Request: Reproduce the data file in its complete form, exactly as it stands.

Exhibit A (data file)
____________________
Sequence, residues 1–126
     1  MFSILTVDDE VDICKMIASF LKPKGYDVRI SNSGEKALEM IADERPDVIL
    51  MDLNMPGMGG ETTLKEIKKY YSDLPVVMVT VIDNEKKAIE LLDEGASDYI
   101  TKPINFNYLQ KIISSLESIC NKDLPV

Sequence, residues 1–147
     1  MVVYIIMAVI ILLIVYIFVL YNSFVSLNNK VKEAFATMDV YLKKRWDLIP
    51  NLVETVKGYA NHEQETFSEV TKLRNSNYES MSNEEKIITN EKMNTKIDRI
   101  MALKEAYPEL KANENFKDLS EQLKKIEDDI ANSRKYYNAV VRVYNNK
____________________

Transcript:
Sequence, residues 1–126
     1  MFSILTVDDE VDICKMIASF LKPKGYDVRI SNSGEKALEM IADERPDVIL
    51  MDLNMPGMGG ETTLKEIKKY YSDLPVVMVT VIDNEKKAIE LLDEGASDYI
   101  TKPINFNYLQ KIISSLESIC NKDLPV

Sequence, residues 1–147
     1  MVVYIIMAVI ILLIVYIFVL YNSFVSLNNK VKEAFATMDV YLKKRWDLIP
    51  NLVETVKGYA NHEQETFSEV TKLRNSNYES MSNEEKIITN EKMNTKIDRI
   101  MALKEAYPEL KANENFKDLS EQLKKIEDDI ANSRKYYNAV VRVYNNK